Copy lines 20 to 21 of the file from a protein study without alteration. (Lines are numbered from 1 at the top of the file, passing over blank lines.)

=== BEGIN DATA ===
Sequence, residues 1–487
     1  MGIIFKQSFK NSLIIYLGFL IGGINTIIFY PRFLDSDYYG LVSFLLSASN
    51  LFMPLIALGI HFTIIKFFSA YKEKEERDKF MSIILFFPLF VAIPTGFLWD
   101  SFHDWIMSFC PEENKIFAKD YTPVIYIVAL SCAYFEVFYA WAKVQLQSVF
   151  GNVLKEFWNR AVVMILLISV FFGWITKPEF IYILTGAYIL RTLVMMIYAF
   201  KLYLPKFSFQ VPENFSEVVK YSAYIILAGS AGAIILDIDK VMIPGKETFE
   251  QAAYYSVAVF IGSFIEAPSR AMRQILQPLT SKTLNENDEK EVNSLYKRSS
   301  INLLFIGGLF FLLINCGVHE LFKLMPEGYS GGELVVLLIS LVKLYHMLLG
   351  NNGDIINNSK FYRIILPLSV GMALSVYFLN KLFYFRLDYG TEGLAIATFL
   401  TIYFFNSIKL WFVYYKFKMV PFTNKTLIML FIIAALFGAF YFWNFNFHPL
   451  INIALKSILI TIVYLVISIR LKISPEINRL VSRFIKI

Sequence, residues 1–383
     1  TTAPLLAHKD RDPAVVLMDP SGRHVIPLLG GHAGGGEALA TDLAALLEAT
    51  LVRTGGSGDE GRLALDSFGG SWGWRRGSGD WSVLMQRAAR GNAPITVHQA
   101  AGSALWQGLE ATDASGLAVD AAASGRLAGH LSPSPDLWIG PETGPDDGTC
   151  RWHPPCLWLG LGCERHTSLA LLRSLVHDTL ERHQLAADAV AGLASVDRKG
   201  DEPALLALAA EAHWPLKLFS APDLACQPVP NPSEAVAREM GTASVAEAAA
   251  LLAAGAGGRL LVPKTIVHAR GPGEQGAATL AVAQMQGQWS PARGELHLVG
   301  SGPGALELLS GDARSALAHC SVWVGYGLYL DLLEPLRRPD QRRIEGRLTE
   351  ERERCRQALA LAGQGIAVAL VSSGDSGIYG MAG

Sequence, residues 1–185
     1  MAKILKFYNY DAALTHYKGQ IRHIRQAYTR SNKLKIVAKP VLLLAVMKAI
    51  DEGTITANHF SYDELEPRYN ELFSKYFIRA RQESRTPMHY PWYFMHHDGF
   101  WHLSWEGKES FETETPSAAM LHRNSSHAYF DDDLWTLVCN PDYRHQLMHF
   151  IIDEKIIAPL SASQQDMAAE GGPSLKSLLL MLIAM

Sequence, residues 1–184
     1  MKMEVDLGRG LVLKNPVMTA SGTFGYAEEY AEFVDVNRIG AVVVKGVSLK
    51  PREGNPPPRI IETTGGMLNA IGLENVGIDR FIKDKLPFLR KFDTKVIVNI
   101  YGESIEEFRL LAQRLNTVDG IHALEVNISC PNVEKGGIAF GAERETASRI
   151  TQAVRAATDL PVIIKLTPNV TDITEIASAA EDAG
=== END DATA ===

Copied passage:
   351  ERERCRQALA LAGQGIAVAL VSSGDSGIYG MAG

Sequence, residues 1–185